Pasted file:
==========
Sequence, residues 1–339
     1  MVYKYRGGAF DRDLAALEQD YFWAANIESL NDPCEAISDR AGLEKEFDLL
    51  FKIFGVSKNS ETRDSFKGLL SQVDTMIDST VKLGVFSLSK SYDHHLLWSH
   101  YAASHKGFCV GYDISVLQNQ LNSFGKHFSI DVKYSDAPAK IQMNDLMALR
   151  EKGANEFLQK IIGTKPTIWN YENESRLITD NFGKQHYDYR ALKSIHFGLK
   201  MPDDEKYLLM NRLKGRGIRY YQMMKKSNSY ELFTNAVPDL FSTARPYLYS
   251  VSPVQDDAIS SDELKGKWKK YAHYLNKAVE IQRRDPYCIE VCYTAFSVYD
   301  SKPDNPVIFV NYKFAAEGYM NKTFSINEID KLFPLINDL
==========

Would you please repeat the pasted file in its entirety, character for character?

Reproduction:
Sequence, residues 1–339
     1  MVYKYRGGAF DRDLAALEQD YFWAANIESL NDPCEAISDR AGLEKEFDLL
    51  FKIFGVSKNS ETRDSFKGLL SQVDTMIDST VKLGVFSLSK SYDHHLLWSH
   101  YAASHKGFCV GYDISVLQNQ LNSFGKHFSI DVKYSDAPAK IQMNDLMALR
   151  EKGANEFLQK IIGTKPTIWN YENESRLITD NFGKQHYDYR ALKSIHFGLK
   201  MPDDEKYLLM NRLKGRGIRY YQMMKKSNSY ELFTNAVPDL FSTARPYLYS
   251  VSPVQDDAIS SDELKGKWKK YAHYLNKAVE IQRRDPYCIE VCYTAFSVYD
   301  SKPDNPVIFV NYKFAAEGYM NKTFSINEID KLFPLINDL